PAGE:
The vulnerability stems from FollowSymlinkInScope function, allowing a basic time-of-check to time-of-use (TOCTOU) attack that gives read and write access to any file on the host system. The purpose of the FollowSymlinkInScope is to “resolve a specified path in a secure manner by treating the processes as if they were inside the Docker container.” The resolved path is not operated on immediately, meaning that an attack could potentially speculate on the gap and then add a symbolic link path that could resolve on the host with root privileges. The docker cp utility is what allows copying content from Docker containers to the host file system.

    There are a few different approaches being proposed when it comes to addressing this vulnerability. Sarai proposed making changes to “chrootarchive.” This would allow archive operations to take place in a secure environment where the root is the container “rootfs.” However, this would involve changing a core piece of Docker, which is not feasible. According to Sarai, “Unfortunately, changes to this core piece of Docker are almost impossible (the TarUntar interface has many copies and re-implementations that would all need to be modified to be able to handle a new ‘root’ argument). Therefore, another approach that has been proposed is to pause the container when using the file system. This would not actually prevent all of the possible attacks. However, it would protect against some of the more basic attacks. A patch to do just this has been submitted upstream and is currently under review.

    Sarai provided two different scripts to show off the exploit, one for read and one for write. Sarai explained the scripts are “...a fairly dumb reproducer which basically does a RENAME_EXCHANGE of a symlink to “/” and an empty directory in a loop, hoping to hit the race condition. Then our “user” attempts to copy a file from the path repeatedly,” explained the expert. “You can call it like this (note that since this requires exploiting a race condition, only a small percentage of the attempts succeed — however if I had made my reproducer a bit more clever about how quickly it does the RENAME_EXCHANGE it could be more likely to hit the race).” Sarai explained that the success rate with this exploit is about .06%, which seems low, but realistically, it would only take about 12 seconds for this exploit to reach success. 
Sources: • https://securityaffairs.co/wordpress/86272/hacking/docker-race-condition-flaw.html 
https://nvd.nist.gov/vuln/detail/CVE-2018-
https://github.com/moby/moby/pull/39252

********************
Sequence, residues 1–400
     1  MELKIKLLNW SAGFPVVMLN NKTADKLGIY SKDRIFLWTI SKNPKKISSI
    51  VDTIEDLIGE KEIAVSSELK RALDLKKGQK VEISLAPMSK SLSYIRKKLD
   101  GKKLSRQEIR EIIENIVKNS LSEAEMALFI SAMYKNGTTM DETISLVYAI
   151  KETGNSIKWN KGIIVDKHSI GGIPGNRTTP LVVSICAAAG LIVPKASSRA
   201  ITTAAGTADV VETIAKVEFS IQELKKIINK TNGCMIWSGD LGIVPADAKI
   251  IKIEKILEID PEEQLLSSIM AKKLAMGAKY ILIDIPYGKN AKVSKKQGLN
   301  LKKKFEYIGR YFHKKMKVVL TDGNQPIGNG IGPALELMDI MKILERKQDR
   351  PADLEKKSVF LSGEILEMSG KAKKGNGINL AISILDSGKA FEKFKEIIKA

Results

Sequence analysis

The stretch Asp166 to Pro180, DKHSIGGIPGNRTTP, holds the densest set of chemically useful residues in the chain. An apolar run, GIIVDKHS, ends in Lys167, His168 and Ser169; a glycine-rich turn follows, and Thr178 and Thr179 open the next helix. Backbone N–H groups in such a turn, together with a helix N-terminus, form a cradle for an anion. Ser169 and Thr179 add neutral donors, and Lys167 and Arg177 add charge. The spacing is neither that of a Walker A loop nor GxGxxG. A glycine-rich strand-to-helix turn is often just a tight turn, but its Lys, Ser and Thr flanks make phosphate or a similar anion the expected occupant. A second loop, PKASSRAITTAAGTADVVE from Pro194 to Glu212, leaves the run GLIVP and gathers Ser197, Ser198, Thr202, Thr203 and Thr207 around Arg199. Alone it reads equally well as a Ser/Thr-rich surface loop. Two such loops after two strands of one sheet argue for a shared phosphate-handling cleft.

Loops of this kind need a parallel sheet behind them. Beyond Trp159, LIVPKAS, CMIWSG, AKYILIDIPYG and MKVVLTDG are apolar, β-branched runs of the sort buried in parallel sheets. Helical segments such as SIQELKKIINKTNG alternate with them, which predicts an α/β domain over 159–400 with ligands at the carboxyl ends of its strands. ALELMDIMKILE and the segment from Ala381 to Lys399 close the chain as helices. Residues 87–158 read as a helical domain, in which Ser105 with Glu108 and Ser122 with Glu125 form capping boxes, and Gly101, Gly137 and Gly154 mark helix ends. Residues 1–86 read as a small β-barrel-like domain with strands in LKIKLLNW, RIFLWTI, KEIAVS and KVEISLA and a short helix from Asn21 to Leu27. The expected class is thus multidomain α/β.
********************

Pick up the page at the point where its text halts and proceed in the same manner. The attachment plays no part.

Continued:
Thursday, May 30, 2019

Intel VISA: Through the Rabbit Hole Undocumented Concern ??

    The end of last month at Black Hat Asia 2019, Mark Ermolov and Maxim Goryachy from Positive Technologies gave a presentation titled “Intel VISA: Through the Rabbit Hole”. Slashdot characterized the presentation as researchers had discovered and abused new and undocumented features in intel chipsets.

    The capability is named Intel Visualization of Internal Signals Architecture (Intel VISA) and it is a utility included in modern Intel chipsets to help with testing/debugging during manufacturing. It is included with Platform Controller Hub (PCH) chipsets, is a part of modern Intel CPUs, and functions much like a logic signal analyzer. It is able to collect signals sent from internal buses and peripherals to the PCH and CPU. Effectively this means unauthorized access to the VISA would expose ANY data to examination by an unscrupulous person to intercept and collect data from the computer memory and function at the lowest possible level.

    The real question is: Is there a real threat? The researchers said they have several methods of enabling Intel VISA and capturing data, including the secretive Intel Management Engine (ME) which has been housed in the PCH since the release of the Nehalem processors and 5-Series chipsets.  But there are caveats. On the positive side, Intel has not publicly disclosed the feature and is only shared with others under a non-disclosure agreement. Additionally, the feature is disabled by default, so attackers must first figure out how to enable it before exploiting it. On the negative side, the researchers found a way to disable Intel VISA using an older Intel ME vulnerability. Intel released a firmware patch that fixes that particular vulnerability in 2017 (INTEL-SA-00086), but unless there was an explicit update to the firmware (it’s not correctable via OS update) the CPU remains affected.

      It’s worth noting that if the attacker has exploited the Intel ME vulnerability, they are well into your system and there is little additional capability offered via VISA that they don’t already have. But back on the negative side, if an attacker finds an alternate to enable VISA, that could indeed become a new attack vector.

     The researchers indicated that they know three alternate ways to enable VISA, which they revealed in the presentation slides (link below). The bigger question remains: what other secret or undocumented modes/ features lie in Intel's CPUs? Intel may try to keep them secret from the public, but security through obscurity is no paradigm to follow.
   As the researchers proved, people will uncover those secret features, and some will abuse them.

Sources:

https://i.blackhat.com/asia-19/Thu-March-28/bh-asia-Goryachy-Ermolov-Intel-Visa-Through-the-Rabbit-Hole.pdf

https://www.zdnet.com/article/researchers-discover-and-abuse-new-undocumented-feature-in-intel-chipsets/

Steganography techniques that deliver malware

    Researchers at Blackberry’s Cylance Labs have discovered novel techniques utilizing steganography, the practice of concealing a file, message, image, or video within another file, message, image, or video, to load malware payloads onto victims’ machines.